Charles A. Janeway, Jr., a professor of immunobiology at Yale University, responds as follows:
"The answer to your question about the purpose of Immunoglobulin E (IgE) is gradually emerging from a combination of human and animal studies.
"Humans make very high levels of IgE in response to infection by various parasites, including Schistosoma and Nippostrongylus brasiliensis. In the absence of IgE, or cells bearing the specific receptors for IgE (known as Fc receptors), these infections are considerably worse, and can be life-threatening or even life-taking. IgE also appears to play a role in resisting ticks of the Ixodid family, which carry among other diseases the organisms for Lyme disease and erlichiosis. But the exact workings of IgE remain far from fully understood."
Andrzej Szczeklik, chairman of the department of medicine at the Jagiellonian University School of Medicine in Krakow, Poland, adds his perspective:
"Immunoglobulin E (IgE) plays a key role in allergy. As a result, its other functions have received little attention. I would like to point out two little-appreciated, IgE-related phenomena that might be of benefit to humans:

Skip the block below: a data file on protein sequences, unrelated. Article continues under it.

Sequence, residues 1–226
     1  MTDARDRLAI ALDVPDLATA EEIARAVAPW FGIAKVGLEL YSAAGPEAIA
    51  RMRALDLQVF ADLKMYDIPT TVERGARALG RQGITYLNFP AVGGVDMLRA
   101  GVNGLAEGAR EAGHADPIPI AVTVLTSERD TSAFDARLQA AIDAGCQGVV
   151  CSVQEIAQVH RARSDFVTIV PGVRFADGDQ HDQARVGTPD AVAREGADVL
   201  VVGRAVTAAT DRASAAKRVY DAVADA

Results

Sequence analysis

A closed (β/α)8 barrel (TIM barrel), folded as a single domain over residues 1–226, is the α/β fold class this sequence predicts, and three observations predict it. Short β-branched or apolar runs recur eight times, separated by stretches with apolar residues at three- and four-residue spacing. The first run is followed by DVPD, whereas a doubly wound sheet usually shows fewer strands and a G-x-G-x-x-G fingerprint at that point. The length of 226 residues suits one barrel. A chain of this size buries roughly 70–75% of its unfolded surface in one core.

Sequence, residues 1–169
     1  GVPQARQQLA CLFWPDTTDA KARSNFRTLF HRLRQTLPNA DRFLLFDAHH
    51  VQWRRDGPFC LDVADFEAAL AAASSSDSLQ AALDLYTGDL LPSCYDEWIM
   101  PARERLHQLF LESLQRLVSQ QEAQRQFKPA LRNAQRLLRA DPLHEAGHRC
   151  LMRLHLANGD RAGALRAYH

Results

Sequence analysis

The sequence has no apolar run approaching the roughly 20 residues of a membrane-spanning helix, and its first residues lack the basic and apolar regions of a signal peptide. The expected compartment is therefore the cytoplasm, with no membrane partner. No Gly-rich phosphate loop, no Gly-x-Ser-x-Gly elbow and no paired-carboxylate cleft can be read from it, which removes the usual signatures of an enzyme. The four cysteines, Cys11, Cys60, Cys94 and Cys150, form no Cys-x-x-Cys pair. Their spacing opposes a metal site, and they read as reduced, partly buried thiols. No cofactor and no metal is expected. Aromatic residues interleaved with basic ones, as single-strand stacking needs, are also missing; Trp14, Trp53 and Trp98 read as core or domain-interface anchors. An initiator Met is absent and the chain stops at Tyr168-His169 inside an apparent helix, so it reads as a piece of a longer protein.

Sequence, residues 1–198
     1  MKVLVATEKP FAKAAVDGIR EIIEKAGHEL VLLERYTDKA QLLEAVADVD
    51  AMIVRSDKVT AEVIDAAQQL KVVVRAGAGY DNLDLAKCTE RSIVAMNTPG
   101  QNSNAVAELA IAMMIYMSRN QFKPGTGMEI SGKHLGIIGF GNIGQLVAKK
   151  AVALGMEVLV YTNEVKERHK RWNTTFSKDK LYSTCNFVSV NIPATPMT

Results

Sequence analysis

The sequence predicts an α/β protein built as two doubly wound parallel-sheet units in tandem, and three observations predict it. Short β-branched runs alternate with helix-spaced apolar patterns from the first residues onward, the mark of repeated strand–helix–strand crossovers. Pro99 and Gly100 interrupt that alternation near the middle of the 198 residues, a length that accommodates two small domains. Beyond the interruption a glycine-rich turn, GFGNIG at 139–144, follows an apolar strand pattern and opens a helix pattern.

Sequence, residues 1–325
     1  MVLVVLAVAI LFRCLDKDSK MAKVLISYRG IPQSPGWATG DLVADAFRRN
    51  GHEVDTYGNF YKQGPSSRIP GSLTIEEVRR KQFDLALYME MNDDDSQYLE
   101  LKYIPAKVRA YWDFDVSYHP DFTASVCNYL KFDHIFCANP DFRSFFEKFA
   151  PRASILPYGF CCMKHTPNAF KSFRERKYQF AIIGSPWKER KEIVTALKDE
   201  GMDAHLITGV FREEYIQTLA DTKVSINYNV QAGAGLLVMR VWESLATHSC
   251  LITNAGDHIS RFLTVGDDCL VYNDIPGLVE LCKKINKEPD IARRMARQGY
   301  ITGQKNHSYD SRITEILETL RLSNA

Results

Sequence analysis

"1) Atopics--that is, persons who produce too much IgE--have a mild hemostatic imbalance, meaning that their blood takes longer than usual to clot (roughly one fifth of Europeans and North Americans are atopics). Therefore, the bleeding time among atopics is slightly, but significantly, prolonged; the imbalance also reduces the stickiness of the blood platelets and delays the generation of thrombin, the key enzyme for coagulation. These phenomena might be relevant in the dangerous situations triggered by blood clotting in the arteries: a sudden cardiac arrest precipitated by coronary thrombosis (blockade of vessels that provide blood to the heart muscle) is a good example. In a recent study of 385 patients who had heart attacks, sudden cardiac arrest was far less common among the patients who entered the hospital with high serum IgE levels than among those whose IgE was not elevated. It therefore seems possible that high IgE, by depressing blood clotting, protect atopics against sudden cardiac arrest.
"2) Tissue injury characteristically results in a marked, transient rise in IgE levels in the blood. This phenomenon has been observed following heart attacks, surgery, burns, pulmonary thromboembolism and major trauma. Hence, IgE seems to be a part of the mechanism involved in acute-phase response. IgE might modulate the response to tissue injury through its powerful interaction with the cells of the immune system, such as mast cells, macrophages and eosinophils. Such hypotheses need further experimental verification, however.